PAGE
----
In such an on-board navigation system, it is a relatively easy task to express a distance from the current location to a destination as a numerical value and to display the numerical value on a display, thereby informing to the user the degree of the vehicle's approach to the destination. However, the driver, who has to concentrate on driving and operation of the vehicle in response to changes in running condition, cannot look into the display a long time. As a result, there is a case where even when the distance between the current location and the destination is displayed, the degree of approach to the destination cannot be informed to the driver.

On the other hand, for the driver and passengers, during the vehicle is running when the degree of approach to the destination is informed by time, such an information is more easy to match the human sense rather than the case where it is informed by distance. In order to adequately inform such a degree of approach to the user, the above-mentioned display of the distance by the numerical value only is insufficient.

OBJECTS AND SUMMARY OF THE INVENTION

The invention has been made in view of the problems described above, and it is an object of the invention to provide an on-board navigation system which continuously inform the degree of the vehicle's approach to a destination to a driver executing the driving operations.

Another object of the invention is to provide an onboard navigation system which can inform the degree of approach to a destination continuously even to a driver who is executing driving operations and can adequately inform to the user the degree of the vehicle's approach to the destination in conformity with the user's perception of actual running state.

According to the first aspect of the invention, there is provided an on-board navigation system comprising: vehicle position information generating means for generating vehicle position information; destination setting means for setting position information of the destination; predictive running distance calculating means for calculating a predictive running distance from the current location to the destination on the basis of the vehicle position information and the position information of the destination; and information sound generating means for generating an information sound changing in accordance with the predictive running distance.

According to the first aspect of the invention, when the predictive running distance between the present location and the destination is smaller than a predetermined distance, the information sound is changed in accordance with the predictive running distance, thereby informing to the user the degree of approach to the destination.

According to the second aspect of the invention, there is provided an on-board navigation system comprising: vehicle speed acquiring means for acquiring a vehicle speed; vehicle position information generating means for generating vehicle position information; destination setting means for setting position information of a destination; predictive running distance calculating means for calculating a predictive running distance from the current location to the destination on the basis of the vehicle position and the position information of the destination; and predictive running time calculating means for calculating a predictive running time by the equation ##EQU1## on the basis of the vehicle speed and the predictive running distance and information sound generating means for changing an information sound in accordance with the predictive running time.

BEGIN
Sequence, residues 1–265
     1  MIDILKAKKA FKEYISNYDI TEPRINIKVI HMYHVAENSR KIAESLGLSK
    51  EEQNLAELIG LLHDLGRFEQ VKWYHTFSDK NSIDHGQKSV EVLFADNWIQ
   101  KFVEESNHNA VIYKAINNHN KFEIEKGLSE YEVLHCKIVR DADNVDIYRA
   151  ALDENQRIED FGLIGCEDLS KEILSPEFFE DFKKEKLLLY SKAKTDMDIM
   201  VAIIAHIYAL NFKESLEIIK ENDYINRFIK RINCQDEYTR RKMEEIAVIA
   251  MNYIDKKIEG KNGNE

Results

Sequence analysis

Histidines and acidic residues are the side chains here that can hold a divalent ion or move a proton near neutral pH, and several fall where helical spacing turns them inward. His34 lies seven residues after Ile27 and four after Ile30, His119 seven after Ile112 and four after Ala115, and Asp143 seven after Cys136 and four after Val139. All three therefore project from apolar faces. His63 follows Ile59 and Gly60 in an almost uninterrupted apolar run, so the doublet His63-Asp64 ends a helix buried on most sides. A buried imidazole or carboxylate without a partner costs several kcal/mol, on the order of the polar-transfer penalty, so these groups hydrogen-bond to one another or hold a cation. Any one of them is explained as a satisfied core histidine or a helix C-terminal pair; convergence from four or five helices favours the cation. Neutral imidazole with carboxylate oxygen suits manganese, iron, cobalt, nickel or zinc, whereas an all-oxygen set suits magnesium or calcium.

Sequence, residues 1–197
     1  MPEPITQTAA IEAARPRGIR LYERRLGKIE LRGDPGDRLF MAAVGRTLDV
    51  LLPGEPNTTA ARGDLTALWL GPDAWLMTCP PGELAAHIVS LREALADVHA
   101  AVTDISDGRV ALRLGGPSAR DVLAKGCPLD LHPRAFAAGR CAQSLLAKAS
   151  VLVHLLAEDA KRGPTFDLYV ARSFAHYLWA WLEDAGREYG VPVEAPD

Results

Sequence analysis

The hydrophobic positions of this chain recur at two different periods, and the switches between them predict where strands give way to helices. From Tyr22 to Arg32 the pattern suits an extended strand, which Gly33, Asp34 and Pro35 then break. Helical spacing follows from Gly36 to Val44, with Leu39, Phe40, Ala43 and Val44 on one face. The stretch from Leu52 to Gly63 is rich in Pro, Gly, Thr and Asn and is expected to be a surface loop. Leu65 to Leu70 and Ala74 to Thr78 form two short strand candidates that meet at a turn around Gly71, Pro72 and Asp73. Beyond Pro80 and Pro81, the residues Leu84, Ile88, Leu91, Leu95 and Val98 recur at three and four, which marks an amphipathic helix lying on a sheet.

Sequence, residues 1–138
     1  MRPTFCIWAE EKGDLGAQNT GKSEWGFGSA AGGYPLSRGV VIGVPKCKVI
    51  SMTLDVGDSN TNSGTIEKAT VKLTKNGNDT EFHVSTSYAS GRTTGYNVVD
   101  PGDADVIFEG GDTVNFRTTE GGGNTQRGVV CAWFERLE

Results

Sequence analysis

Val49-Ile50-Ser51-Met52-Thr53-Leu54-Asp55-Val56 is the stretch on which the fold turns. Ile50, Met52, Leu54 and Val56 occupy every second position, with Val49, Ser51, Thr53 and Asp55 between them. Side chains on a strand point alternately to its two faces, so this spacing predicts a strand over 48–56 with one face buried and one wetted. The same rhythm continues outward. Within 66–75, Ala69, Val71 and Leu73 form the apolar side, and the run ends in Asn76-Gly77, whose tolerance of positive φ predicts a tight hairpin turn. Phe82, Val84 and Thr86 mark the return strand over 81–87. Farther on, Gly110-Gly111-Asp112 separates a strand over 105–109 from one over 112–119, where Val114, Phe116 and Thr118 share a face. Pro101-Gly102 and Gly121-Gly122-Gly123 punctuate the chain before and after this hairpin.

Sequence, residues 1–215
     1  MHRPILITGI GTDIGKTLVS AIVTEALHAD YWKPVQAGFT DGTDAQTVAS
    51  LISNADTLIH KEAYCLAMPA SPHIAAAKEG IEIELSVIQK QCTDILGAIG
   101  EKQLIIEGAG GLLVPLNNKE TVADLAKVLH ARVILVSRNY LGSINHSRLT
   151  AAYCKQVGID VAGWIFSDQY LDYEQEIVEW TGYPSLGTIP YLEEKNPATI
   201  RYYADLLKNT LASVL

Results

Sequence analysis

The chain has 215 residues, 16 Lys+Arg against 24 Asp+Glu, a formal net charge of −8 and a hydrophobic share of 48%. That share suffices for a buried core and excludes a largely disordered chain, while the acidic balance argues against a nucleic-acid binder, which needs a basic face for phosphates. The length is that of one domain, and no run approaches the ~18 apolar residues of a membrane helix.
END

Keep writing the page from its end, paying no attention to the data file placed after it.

According to the second aspect of the invention, when the predictive running time from the current location to the destination is smaller than a predetermined time, the information sound is changed in accordance with the predictive running time.

The above on-board navigation system changes the information sound in accordance with the predictive running distance from the current location to the destination and the running speed of the vehicle.

BRIEF DESCRIPTION OF THE DRAWINGS

FIG. 1 is a block diagram showing a construction of an on-board navigation system to which the invention is applied;

FIG. 2 is a flowchart for explaining a main routine to which the invention is applied; and

FIGS. 3 and 4 are flowcharts for explaining a information sound generation processing procedure of the embodiment according to the invention.

DETAILED DESCRIPTION OF A PREFERRED EMBODIMENT

FIG. 1 shows an example of an on-board navigation system to which the invention is applied. An embodiment will now be described in detail hereinafter with reference to FIG. 1.

In the FIG. 1, an earth magnetism sensor 1 is used to generate azimuth data of a vehicle on the basis of the earth magnetism (earth magnetic field). An angular velocity sensor 2 detects an angular velocity of the vehicle. A running distance sensor 3 detects the distance covered by the vehicle. A GPS (Global Positioning system) 4 detects the current location or the like of the vehicle from the longitude and latitude information or the like. A vehicle speed detector 19 detects a speed of the vehicle on the basis of the number of so-called vehicle speed pulses which are generated in proportion to, for instance, a rotational angle of a drive shaft of the vehicle. Outputs of the sensors (system, device) 1 to 4 and 19 are supplied to a system controller 5.